No Traveller Returns by Louis L’Amour, Beau L’Amour

No Traveller Returns  by Louis L’Amour,  Beau L’Amour

Louis L’Amour’s long-lost first novel, faithfully completed by his son, takes readers on a voyage into danger and violence on the high seas.
Fate is a ship.
As the shadows of World War II gather, the SS Lichenfield is westbound across the Pacific carrying eighty thousand barrels of highly explosive naphtha. The cargo alone makes the journey perilous, with the entire crew aware that one careless moment could lead to disaster.
But yet another sort of peril haunts the Lichenfield. Even beyond their day-to-day existence, the lives of the crew are mysteriously intertwined. Though each has his own history, dreams and jealousies, longing and rage, all are connected by a deadly web of chance and circumstance.
Some are desperately fleeing the past; others chase an unknown destiny. A few are driven by the desire for adventure, while their shipmates cling to the Lichenfield as their only true home. In their hearts, these men, as well as the women and children they have left behind, carry the seeds of salvation or destruction. And all of them—kind or cruel, strong or broken—are bound to the fate of the vessel that carries them toward an ever-darkening horizon.
Inspired by Louis L’Amour’s own experiences as a merchant seaman, No Traveller Returns is a revelatory work by a world-renowned author—and a brilliant illustration of a writer discovering his literary voice.

No Traveller ReturnsNo Traveller Returns by Louis L’Amour

My rating: 5 of 5 stars

Wow am I developing such a deep appreciation for stories written by Louis L’Amour!

Maritime is my most favorite subgenre, so this was completely satiating for me. I listened via audiobook, narrated by Scott Brick, which I’d highly recommend.

This story was Louis L’Amour’s first novel length work which tells about the backstory of a missing ship. His work, starting circa 1938, incorporates a self-projected protagonist in a high crimes situation. His personal life was quite interesting as well, with travels and occupations that enhanced his writing, but were not solely sought out for purposes of writing the experiences which I think is distinctive. The work was carefully pieced together by his son, Beau, who was able to publish the story as a finished copy.

The prologue and epilogue were quite fascinating in themselves, particularly noting that the writing embodies a time brought to life using the referenced jargon of sailors, railway men, cowboys, soldiers, and miners, a version of English not taught in any classroom.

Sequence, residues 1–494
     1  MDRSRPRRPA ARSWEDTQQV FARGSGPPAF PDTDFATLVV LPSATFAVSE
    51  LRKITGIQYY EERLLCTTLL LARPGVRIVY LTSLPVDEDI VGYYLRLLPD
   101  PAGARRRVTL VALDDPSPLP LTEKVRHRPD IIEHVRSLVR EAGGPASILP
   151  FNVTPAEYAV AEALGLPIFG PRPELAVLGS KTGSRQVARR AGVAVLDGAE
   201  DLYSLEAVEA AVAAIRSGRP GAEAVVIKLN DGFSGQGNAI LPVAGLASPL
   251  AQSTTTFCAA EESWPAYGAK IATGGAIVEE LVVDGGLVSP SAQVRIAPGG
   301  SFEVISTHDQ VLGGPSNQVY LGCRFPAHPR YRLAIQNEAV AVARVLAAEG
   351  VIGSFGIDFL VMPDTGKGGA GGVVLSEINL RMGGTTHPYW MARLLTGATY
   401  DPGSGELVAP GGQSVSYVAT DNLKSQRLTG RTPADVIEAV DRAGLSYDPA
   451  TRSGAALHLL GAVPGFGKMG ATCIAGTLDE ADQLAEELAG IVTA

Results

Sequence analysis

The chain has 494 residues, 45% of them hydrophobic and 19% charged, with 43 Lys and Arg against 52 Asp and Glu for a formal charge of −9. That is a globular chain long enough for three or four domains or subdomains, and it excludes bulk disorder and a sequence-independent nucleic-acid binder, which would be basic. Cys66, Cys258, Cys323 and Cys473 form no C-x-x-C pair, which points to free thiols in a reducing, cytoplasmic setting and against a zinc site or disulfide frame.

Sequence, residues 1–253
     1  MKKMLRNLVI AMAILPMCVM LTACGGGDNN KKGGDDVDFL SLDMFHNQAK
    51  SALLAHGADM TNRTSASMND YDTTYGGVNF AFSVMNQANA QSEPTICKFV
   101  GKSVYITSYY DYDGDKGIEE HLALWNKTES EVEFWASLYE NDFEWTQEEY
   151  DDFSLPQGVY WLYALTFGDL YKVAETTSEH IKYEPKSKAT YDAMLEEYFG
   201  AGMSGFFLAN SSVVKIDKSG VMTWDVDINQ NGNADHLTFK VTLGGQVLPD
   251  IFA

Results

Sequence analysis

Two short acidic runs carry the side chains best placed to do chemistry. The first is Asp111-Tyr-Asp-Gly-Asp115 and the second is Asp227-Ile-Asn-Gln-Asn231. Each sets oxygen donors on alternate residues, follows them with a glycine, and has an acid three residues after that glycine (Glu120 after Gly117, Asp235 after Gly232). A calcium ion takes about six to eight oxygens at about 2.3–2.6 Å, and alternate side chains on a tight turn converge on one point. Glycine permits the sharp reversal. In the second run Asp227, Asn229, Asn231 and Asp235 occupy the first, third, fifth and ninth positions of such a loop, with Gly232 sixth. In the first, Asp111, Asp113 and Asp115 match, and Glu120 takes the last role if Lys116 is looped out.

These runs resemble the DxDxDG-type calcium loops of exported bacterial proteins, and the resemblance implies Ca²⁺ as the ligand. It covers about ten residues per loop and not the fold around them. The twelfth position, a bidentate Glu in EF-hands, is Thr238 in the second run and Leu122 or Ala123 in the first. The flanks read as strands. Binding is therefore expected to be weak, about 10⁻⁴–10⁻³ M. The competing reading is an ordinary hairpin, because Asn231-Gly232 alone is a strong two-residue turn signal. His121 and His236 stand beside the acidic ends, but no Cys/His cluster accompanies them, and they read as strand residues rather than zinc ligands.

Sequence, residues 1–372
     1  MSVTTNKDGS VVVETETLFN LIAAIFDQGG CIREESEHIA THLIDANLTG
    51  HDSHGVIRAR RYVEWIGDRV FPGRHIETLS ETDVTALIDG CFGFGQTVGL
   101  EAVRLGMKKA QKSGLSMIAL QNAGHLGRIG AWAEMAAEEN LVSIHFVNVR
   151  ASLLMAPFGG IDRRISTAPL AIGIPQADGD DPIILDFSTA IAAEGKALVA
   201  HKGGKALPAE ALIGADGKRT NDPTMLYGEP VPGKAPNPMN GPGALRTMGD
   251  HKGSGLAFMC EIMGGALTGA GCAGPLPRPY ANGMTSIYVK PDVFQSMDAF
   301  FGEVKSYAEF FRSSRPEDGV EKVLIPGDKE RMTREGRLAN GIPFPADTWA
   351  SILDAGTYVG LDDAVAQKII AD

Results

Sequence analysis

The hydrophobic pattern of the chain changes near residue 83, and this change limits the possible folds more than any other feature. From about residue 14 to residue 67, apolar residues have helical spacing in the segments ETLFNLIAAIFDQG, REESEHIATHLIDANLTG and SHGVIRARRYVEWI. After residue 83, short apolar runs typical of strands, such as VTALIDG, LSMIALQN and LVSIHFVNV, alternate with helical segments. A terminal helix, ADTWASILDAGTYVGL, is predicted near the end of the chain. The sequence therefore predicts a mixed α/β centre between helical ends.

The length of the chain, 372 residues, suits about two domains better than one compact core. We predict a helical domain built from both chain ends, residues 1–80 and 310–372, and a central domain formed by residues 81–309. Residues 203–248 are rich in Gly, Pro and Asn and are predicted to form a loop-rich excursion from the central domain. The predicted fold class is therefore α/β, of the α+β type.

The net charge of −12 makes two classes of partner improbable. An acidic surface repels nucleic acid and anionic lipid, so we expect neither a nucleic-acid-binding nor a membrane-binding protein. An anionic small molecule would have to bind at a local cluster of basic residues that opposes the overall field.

As far as content was concerned, it incorporated observations about the successes of civilization with an almost prophetic, philosophic, Orwellian tone. There was talk about machines and powerful statements about the projection of human behavior. The love interest and daily life of struggles and victories depicted in the story were strengthened by this.

And coming to the point where I no longer feel the need to fact check an author’s claims in a story but looking up things just to increase my knowledge is where I glean the most comfort and joy in reading a book. And I have certainly found that to be so in his writing. I had no idea that the Indy 500 existed during this time.


“But most of all our mistakes lay in trying to live what at best was no more than a dream. We were two fortunate people. We had an idyllic moment and then proved ourselves all to human by trying to make a lifetime of it.”

“What was it Hamlet said? That undiscovered country, from who’s born no traveler returns. He was speaking of death. But is not every goodbye, every leave taking a little death? Can a man ever return quite the same as he left? We say goodbye. We leave familiar, well-loved people in places, and the days, weeks, and months pass, perhaps years, when we take the road back and finally stand where we stood before, all is strange. Our very bodies have changed, the dust of many roads, the brine of ancient seas, the air we have breathed, the food we have eaten, the wounds we have received. All these things change us. We have come back, groping in the past for something that is no longer there. A gap that nothing can fill. Old places are better left behind. Old loves better keep as memories. And as the ship steams onward into the days and nights, all that I have known and all that I have loved, I am leaving behind me…”

“She was lying there in a faded neglige reading a magazine. A box of crackers stood open on the table close by. And there were two cups, still mottled with the grounds of coffee. She sat up. A large woman with rust-colored and a heavy, sullen face. Collin looked at her a moment, looked at the stuffy, untidy room of which she was the living expression.”

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